Developing Nations Need Renewable Energy
Several years ago I helped to launch a new business that we envisioned would enable developing nations around the world to power themselves, to in effect power their own economic growth by not only reducing their crippling dependency on fossil fuel (feeding old electrical generators) but to do so successfully on their own terms. In essence, to build their own power plants, to become truly independent. I have since had the pleasure of visiting many developing nations and meeting their leaders, most recently in Ghana.
In common parlance, upon launching, to provide power (to the people), we were offering both new technology and requisite expertise and build solar farms. In those early days we believed growing nations needed energy - affordable and sustainable - whether to power a school or a system of schools, a factory or integrated production facilities, remote clinics or a network of healthcare providers, not to mention individual homes or extensive communities.
On hillsides, open fields, landfill sites, deserts and rooftops, we set out to demonstrate the effectiveness of converting their daily sunshine. Ideally, we wanted to teach a nation to fish and feed itself. We sought neither to extract valuable resources nor exploit local workforces. In countries still burdened by colonial debt, we saw a future where these nations would fuel their own success, though still needing to buy a fishing rod (hook, line and sinker) to fish.
Power to the People
Along the way, we offered a complete package - a turnkey system for sale - which when commissioned will yield power. We do not sell developing nations consulting services, a study or report, a "green" solution or the value of carbon credits, yet simply a process of erecting connected solar panels to generate electricity.
The consumer of this final product - electricity - could be either powering a single toaster or an entire office building. If the former, whereby solar panels reside on the consumer's roof, delivery of the electricity is not an issue; however, transmission on a grander scale (via a "grid") has proven to be problematic, given capacity restrictions. But, especially in Africa, the introduction of cell phones has taught us we don't need cables anymore.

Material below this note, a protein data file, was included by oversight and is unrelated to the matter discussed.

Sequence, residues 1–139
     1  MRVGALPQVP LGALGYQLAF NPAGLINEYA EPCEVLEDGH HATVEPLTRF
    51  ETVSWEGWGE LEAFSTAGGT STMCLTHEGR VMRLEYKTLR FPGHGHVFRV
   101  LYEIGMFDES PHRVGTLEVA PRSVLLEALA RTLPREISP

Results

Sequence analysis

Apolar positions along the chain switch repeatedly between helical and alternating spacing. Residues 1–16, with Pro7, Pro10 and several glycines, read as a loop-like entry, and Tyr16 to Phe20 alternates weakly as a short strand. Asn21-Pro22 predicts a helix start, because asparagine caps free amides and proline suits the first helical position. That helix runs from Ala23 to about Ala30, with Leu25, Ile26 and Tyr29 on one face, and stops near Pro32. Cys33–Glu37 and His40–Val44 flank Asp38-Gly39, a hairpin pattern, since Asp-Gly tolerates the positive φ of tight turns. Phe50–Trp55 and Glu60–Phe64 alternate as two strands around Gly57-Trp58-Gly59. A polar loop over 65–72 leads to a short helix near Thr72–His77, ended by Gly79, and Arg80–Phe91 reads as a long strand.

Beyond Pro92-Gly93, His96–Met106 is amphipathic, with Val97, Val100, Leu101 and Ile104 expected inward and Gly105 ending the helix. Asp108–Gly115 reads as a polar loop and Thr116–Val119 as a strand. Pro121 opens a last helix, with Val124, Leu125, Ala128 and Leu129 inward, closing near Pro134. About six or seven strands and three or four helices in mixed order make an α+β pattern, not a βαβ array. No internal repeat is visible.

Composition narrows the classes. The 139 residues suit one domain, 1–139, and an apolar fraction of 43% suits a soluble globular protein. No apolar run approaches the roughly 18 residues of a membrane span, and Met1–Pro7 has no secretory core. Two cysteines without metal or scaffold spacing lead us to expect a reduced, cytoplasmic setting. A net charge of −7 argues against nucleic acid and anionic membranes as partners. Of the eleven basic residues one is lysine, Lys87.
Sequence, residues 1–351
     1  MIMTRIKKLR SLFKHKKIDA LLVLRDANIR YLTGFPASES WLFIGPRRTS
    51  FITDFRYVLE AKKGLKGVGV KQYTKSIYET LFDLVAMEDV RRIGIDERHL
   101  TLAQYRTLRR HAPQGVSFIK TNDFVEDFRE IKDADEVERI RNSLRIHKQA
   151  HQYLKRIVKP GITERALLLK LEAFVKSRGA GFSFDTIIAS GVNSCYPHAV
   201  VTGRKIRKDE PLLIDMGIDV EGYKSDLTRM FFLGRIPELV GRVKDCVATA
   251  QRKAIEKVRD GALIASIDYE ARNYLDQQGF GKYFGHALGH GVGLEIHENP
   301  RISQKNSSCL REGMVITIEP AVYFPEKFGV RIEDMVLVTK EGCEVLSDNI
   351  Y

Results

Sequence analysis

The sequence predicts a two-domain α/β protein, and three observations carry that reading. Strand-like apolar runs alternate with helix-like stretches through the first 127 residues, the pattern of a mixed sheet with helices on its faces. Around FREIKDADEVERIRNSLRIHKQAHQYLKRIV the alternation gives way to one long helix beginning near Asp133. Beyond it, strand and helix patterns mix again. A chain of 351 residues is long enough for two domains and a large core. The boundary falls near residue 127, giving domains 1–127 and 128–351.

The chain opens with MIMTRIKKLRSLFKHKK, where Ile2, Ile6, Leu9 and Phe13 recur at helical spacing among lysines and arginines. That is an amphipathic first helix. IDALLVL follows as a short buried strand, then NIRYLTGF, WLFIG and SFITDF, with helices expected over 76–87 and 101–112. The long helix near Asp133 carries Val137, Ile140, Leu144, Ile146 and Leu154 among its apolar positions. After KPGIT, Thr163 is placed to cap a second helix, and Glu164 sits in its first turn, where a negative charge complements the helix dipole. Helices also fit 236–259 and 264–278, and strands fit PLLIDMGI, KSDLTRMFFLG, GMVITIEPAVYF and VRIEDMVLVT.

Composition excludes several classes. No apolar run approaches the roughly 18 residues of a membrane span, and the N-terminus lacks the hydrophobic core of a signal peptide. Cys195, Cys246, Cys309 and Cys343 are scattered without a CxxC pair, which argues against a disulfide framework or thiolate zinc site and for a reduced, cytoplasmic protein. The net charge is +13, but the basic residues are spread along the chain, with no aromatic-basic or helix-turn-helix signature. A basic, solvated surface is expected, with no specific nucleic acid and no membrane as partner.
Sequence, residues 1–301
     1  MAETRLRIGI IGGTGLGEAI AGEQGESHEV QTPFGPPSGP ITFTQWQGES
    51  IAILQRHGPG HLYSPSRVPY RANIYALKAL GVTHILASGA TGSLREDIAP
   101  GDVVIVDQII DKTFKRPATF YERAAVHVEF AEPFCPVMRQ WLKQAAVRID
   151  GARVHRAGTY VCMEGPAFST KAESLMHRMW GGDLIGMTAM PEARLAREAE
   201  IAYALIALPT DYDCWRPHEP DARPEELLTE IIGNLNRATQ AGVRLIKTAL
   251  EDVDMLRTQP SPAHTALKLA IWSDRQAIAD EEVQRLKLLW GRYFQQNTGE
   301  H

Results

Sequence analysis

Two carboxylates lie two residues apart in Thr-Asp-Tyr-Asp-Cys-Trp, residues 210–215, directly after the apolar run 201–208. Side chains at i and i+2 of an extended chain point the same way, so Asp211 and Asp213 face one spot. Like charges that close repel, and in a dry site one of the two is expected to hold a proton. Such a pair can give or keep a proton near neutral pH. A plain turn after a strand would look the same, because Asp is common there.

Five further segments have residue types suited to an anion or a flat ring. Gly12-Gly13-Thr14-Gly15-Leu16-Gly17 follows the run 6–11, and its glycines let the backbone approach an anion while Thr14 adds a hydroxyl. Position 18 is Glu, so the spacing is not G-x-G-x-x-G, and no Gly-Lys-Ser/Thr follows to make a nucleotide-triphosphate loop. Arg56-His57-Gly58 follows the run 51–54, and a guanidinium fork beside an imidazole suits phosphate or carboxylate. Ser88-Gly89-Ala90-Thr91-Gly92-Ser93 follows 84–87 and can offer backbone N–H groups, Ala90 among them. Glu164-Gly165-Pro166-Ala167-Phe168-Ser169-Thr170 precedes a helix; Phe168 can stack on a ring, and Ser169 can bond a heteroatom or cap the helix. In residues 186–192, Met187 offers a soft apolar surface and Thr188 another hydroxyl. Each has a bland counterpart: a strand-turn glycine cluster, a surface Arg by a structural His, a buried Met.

Although altruistic on many levels, leaders in developing nations are people, and years ago I was taught the biggest risk in any venture is people. Monopolies giving the right to generate and transmit electricity forged in centuries when sails powered ships solely transporting goods across oceans are still enforceable apparently. In a peculiar way, democracy today can be a hindrance to development - as elected parliamentarians - representatives of the people - need to balance laws (and the rights of owners) and the future of their nations.
In order to be re-elected, people need money and votes. On one hand, people seeking election to public office might do so out of a sense of civic or national pride, whereas others seeking re-election might have agendas; some might seek and demand change, whereas others prefer and might need to maintain the status quo. In all cases, leaders of developing nations across the world, if growth is essential, need to provide power to the people.
In countries I have visited nuclear power is out of the question. However, many leaders have now been introduced to BOO: Build, Own and Operate, whereby control of their power supply (and its cost) will lie in foreign hands, despite increasing demand domestically. Hence, backed by a sovereign guarantee, investors today line up to supply developing nations with power plants who agree to purchase energy for future generations.
We all know the sun will remain in the sky for another ten million years, and although I am fond of saying there is nothing in this life that is free - it seems the sun's rays are in fact free. Building, however, a solar power plant is not free. When looking into the future, the leaders of developing nations are balancing the cost of building new transmission lines, for example, to take energy created by burning carbon fuels in their BOO facilities, or building renewable energy power plants, whether tied to the grid or built off-grid for private buyers.
The choice is not a simple one. Regardless of either environment and employment issues, or the health and education of their people, developing nations cannot develop and remain independent and competitive while shackled to foreign ownership of their energy. In my opinion, developing nations cannot rely on foreign nations to supply their power; they need to build their own power plants.
Anyone can fish, but first needs the rod. Don't give people the rod, sell people the rod. There is, after all, value in a good sale. The sale of solar plants to developing nations is a good sale. Sadly, anyone can sell a rod, so it must be a good rod. To conclude, I don't think we humans can survive on fish alone, and solar energy can augment and become part of a healthy diet, a mix of sustainable energy, one that enables independence and growth in the future.
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